It just took a little push to topple the delicately perched boulder -- millions of years in the making -- in Utah's Goblin Valley State Park. Then the man who did it laughed, high-fived his son, and flexed his muscles while being cheered on by a fellow Boy Scout leader.
Glenn Taylor, who pushed over the rock, and the cameraman, David Hall, face charges of criminal mischief and are accused of intentionally damaging, defacing and destroying property, according to the charging document.
Neither man could be reached by CNN on Friday for comment on the charges.
But both have previously defended their actions in interviews with CNN affiliate KUTV, saying they had done a good thing by pushing over a precarious rock that could have otherwise fallen on a passer-by.
"That wasn't going to last very long at all," Hall has said, saying then he would "absolutely" support doing it again. "One gust of wind and a family's dead."
'We have now modified Goblin Valley'
The men likely wouldn't have been charged if not for the Internet -- specifically, the video Hall shot inside the sparse state park and posted to YouTube, then linked up on Facebook.
In it, Taylor is seen behind one of the many unique, ancient rocks in the park, his arm outstretched.
"Wiggle it, just a little bit," sang Hall, the cameraman, mimicking a pop song.
Soon after, Hall yells out "boom" then "yeah" as the rock tumbles down.
"We have now modified Goblin Valley," the cameraman jokes, crediting "muscles over here." "Some little kid was about to walk down here and die, and Glenn saved his life by getting the boulder out of the way. It's all about saving lives here at Goblin Valley."
Authorities, apparently, didn't get the joke or appreciate the life-saving intentions.
In the days after the incident went viral, park officials suggested the men broke the law by defacing a state park.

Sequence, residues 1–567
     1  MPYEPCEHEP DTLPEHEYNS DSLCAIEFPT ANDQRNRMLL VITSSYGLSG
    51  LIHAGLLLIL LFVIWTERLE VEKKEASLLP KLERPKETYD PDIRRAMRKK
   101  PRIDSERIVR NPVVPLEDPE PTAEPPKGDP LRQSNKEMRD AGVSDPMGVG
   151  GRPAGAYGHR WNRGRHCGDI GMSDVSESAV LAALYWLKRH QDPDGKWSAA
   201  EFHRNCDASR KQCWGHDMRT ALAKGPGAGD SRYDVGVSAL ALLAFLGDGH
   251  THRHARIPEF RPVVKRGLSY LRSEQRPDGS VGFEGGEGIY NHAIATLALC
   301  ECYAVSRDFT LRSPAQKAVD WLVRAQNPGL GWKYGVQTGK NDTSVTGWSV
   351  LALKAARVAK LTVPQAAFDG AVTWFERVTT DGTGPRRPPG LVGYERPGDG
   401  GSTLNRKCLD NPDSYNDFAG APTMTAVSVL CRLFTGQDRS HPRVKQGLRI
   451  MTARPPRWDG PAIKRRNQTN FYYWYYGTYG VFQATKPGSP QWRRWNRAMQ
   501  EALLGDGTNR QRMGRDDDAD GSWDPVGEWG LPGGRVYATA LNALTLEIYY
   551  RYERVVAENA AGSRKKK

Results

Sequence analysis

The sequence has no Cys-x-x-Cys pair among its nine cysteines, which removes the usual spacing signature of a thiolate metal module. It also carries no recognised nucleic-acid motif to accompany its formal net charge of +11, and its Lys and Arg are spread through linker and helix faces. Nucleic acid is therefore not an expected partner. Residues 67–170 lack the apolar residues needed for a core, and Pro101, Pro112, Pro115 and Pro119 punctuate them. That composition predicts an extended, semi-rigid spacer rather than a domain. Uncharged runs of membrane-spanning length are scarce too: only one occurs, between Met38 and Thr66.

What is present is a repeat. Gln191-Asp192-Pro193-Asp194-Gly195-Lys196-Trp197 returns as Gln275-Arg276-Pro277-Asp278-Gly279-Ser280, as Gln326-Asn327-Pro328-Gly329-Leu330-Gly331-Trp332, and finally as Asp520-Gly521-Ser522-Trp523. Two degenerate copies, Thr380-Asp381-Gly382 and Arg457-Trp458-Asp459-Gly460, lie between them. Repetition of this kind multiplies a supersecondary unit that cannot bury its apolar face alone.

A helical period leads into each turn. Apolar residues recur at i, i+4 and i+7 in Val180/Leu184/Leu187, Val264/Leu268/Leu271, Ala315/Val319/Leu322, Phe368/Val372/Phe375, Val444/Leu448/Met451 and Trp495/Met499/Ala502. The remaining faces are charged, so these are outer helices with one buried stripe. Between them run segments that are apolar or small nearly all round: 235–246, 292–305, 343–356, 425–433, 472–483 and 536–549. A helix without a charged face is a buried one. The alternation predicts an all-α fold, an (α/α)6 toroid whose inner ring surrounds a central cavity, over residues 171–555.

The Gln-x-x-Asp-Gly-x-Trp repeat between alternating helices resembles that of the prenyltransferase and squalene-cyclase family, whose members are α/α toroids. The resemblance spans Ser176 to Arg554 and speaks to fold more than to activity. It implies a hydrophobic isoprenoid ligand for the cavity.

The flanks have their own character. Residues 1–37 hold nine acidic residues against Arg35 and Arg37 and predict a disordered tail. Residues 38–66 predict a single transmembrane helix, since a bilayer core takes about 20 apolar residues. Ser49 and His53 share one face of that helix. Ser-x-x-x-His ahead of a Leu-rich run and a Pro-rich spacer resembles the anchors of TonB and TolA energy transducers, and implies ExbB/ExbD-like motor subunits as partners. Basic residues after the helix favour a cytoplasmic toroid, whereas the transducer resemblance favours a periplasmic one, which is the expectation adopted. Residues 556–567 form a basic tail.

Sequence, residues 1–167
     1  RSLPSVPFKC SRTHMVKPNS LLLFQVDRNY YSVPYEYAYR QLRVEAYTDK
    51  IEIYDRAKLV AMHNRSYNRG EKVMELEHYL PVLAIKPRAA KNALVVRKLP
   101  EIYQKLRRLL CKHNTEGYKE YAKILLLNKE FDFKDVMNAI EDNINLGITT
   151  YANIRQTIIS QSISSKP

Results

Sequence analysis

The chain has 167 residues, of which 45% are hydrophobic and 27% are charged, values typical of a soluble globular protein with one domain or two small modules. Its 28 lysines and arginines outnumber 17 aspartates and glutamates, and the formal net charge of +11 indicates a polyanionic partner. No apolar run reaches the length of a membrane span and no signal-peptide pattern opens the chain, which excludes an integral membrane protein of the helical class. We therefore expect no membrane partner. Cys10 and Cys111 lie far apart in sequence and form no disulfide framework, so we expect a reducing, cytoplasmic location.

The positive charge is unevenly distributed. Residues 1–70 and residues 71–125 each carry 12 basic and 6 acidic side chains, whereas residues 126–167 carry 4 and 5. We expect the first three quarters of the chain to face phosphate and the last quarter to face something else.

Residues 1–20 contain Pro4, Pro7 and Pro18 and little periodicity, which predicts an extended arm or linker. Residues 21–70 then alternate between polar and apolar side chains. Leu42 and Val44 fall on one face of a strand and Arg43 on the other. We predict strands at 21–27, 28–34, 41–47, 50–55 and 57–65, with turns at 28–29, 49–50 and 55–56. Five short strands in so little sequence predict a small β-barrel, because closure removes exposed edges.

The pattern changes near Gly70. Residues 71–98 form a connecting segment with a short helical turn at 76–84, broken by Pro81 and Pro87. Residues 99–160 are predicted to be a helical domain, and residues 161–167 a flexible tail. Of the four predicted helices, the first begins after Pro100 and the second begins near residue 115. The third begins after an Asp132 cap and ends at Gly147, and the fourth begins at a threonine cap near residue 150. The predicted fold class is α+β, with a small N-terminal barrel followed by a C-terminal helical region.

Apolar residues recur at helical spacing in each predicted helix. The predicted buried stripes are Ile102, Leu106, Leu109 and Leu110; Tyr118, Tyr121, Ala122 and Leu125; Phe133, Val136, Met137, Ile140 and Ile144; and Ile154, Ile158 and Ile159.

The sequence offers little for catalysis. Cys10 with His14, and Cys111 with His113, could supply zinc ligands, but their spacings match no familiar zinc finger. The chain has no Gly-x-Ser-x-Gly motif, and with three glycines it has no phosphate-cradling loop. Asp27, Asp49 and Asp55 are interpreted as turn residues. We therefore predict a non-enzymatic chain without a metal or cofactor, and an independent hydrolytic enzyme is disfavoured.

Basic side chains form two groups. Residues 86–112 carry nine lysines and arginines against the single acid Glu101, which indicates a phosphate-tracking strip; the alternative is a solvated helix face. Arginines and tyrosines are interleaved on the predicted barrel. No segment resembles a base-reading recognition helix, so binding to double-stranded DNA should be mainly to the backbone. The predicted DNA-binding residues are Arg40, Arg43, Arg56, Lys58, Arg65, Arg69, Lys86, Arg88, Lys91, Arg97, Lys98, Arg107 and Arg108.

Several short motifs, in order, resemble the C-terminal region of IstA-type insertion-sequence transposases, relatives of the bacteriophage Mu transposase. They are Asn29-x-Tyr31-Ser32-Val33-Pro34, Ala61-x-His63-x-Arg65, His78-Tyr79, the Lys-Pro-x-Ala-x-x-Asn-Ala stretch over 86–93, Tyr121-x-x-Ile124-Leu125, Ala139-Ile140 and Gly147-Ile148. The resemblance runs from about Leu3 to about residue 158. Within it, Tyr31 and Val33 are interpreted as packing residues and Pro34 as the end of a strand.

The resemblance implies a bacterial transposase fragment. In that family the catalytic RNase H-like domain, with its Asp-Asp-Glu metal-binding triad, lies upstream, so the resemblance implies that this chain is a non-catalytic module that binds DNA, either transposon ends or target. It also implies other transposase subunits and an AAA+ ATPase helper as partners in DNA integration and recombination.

Jeff Rasmussen, the deputy director of Utah State Parks and Recreation, said that in his 22 years on the job he hadn't heard of any goblins -- the moniker for the distinctive rock formation that Taylor toppled -- rolling off their pedestals.
"Obviously, we're very concerned and upset that somebody would come and destroy this natural wonder that took millions of years to be formed," Rasmussen told KUTV.
Strong reaction to video online
This wasn't just any old rock.
Created over millions of years by windblown dust and moving water, the distinct boulder that Taylor toppled had been perched gracefully atop a slender rock pedestal. It was one of thousands dotting the southern Utah valley, surrounded by a wall of eroded sandstone cliffs.
In mid-October, Taylor and Hall were among those leading a Boy Scout group through the distinctive park that is touted online as "a showcase of geologic history."
Hall told KUTV that the men did what they did because the boulder in question seemed unstable.
The man who did the pushing, Taylor, admitted regretfully to the same station that he wished they'd alerted a park ranger about the perceived danger because "it was wrong of us to be vigilantes."
At the same time, he defended their intent.
"We thought we were doing a good deed," Taylor said.
It's not just the "deed" but the celebration that bothered Eugene Swalberg, a Utah State Parks official.
"It gives you a pit in your stomach," Swalberg told CNN last fall. "There seems to be a lot of happiness and joy with the individuals doing this, and it's not right. This is not what you do at a natural scenic area."
The Boy Scouts apparently weren't fond of what happened either. The National Boy Scouts of America and the organization's Utah National Parks Council issued almost simultaneous, similar statements in October dismissing those involved not only from their leadership roles but also from the Scouts entirely.
Many who saw the video online echoed that disgust, like one with the user name Drc0ffee, who blasted "idiots pushing meaningless boulders around for a 'good' reason or just for s**** and jiggles."
But the boulder busters got support, too, from some who agreed it appeared to be a safety hazard.
Others were indifferent, like Alex Milburn. "It's a rock," he said. "Why is everyone freaking out?"